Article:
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Mandrew968

Building a pond for the backyard.

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The Silent Seed

Nice Cichla ! Your catch?

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Pando

More progress pics... Thanks to Mr. Johnson's motivation, I am looking at a finish date of this weekend, rather than this summer!

Very nice! You may need some

gross-ingredients-dynamite-08.jpg

Edited by Pando

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Mandrew968

Well, we had a three day weekend and I was off yesterday, so you would think lots of progress was made. Well, sort of... In order for me to keep some of the nice rock formation, I have to get down in the cracks and grab out the loose rock by hand--pretty slow process and it wears out gloves like no tomorrow! I am down to my last mismatched pair.

post-5491-0-54234100-1424266165_thumb.jp

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Mandrew968

More progress pics... Thanks to Mr. Johnson's motivation, I am looking at a finish date of this weekend, rather than this summer!

Very nice! You may need some

gross-ingredients-dynamite-08.jpg

Yeah, maybe... this weekend as a date of completion was way off!

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Mandrew968

Looking really nice! Can't wait to see the finished product. Little waterfalls, bubblers, fountains, etc. to keep the water moving? Little fish to cut down on the mosquito larvae?

attachicon.gifpeacock 1.jpg

Moose, decent sized peacock. They are however too easy to catch--unless you are casting out, normally, with a lure; I am sure you know most people catch these large fish, when they are nesting--all you have to do is drop an unbaited hook and it bites it in defense of it's nest--nothing at all sporting about that! Also with live bait, I once caught 18 in 30 minutes, so that's not much sport either. Peacock bass are suckers for live bait--they cannot resist. It's automatic. With lures, you usually only catch small ones due to the fact that if a peacock bass has bitten a lure, it no longer will go for that particular lure(smart fish) which is why you usually only catch the small ones as they are still learning. In the deep hard to reach spots in the amazon, any lure will work on monster fish, as they have never seen a lure, so they bite on anything. Show me a snook or a large mouth and props will be given.

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Mandrew968

This is more of a reasonable candidate for when I decide to stock the finished product; red zebra cichlid. I had one of these fish in college and they are not only personable, but great tank mates with turtles--they hold their own! Not to mention beautiful.

post-5491-0-46536800-1424268694.jpg

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Mandrew968

Ok, back to the pond and progress...

post-5491-0-36056100-1424269195_thumb.jp

post-5491-0-73230000-1424269199_thumb.jp

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Mandrew968

Saturday was Valentine's day and my neighbor's kid's birthday, so we went to the park and celebrated with them. Lots of cake eating but no digging... Drobe got his face painted like a man :winkie:

post-5491-0-65840000-1424269253_thumb.jp

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Mandrew968

Tuesday saw 5:00pm come real fast, but this was what progress I was able to accomplish.

post-5491-0-10374400-1424269415_thumb.jp

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waykoolplantz

and how do you expect this to hold water ? Have you hit groundwater yet ?

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Mandrew968

Mike, with the shovel for a referrence, you can see how deep I am currently. Groundwater is about 8 feet deeper--doubt I have the strength and energy to go that far. But as far as getting it to hold water, I will see when I get there; I want some of it to drain/seep naturally so I can recycle fresh water in, at least weekly.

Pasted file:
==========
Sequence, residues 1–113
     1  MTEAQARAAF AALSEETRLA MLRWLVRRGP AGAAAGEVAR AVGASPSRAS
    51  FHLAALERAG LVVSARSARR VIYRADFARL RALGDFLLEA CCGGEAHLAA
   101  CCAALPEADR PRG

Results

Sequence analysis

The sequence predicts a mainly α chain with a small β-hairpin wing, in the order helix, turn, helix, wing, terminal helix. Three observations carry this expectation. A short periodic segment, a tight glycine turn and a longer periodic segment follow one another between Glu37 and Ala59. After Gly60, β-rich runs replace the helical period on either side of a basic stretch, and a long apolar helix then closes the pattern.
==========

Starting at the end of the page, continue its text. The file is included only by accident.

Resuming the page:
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waykoolplantz

You can always get few cans of that stuff they spray on the 'screen door in the rowboat' infomercials

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Zeeth

You can always get few cans of that stuff they spray on the 'screen door in the rowboat' infomercials

Good idea! That stuff is called Flex Seal, and I bet it would work well.

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Mandrew968

My first thought is, ooh-they have a clear flex seal. My second thought is ooh, the label says all kinda toxic...

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Pedro 65

My first thought is, ooh-they have a clear flex seal. My second thought is ooh, the label says all kinda toxic...

all sealers are toxic Andrew, and you are going to need a "Lot" to seal this project, keep yr kids "well away" from this area for days after you pour the sealer on..

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Zeeth

My first thought is, ooh-they have a clear flex seal. My second thought is ooh, the label says all kinda toxic...

This guy seemed to have luck with it:

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John Case

If you want to seal the pond, I suggest using a spray on product made of polyurea..... I put it over my koi pond shotcrete and it had not yet leaked after 7 years. It has to b professionally applied and is a bit pricey but I like the results. http://en.wikipedia.org/wiki/Polyurea

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Ken Johnson

Another option is the constant flow solution. You will need a drainage well and or a swampy area for the overflow. It is not 100% Kosher with DERM but I see many around town. I'm sure you know all this but I cant resits posting... :innocent:

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Moose

Looking really nice! Can't wait to see the finished product. Little waterfalls, bubblers, fountains, etc. to keep the water moving? Little fish to cut down on the mosquito larvae?

attachicon.gifpeacock 1.jpg

Moose, decent sized peacock. They are however too easy to catch--unless you are casting out, normally, with a lure; I am sure you know most people catch these large fish, when they are nesting--all you have to do is drop an unbaited hook and it bites it in defense of it's nest--nothing at all sporting about that! Also with live bait, I once caught 18 in 30 minutes, so that's not much sport either. Peacock bass are suckers for live bait--they cannot resist. It's automatic. With lures, you usually only catch small ones due to the fact that if a peacock bass has bitten a lure, it no longer will go for that particular lure(smart fish) which is why you usually only catch the small ones as they are still learning. In the deep hard to reach spots in the amazon, any lure will work on monster fish, as they have never seen a lure, so they bite on anything. Show me a snook or a large mouth and props will be given.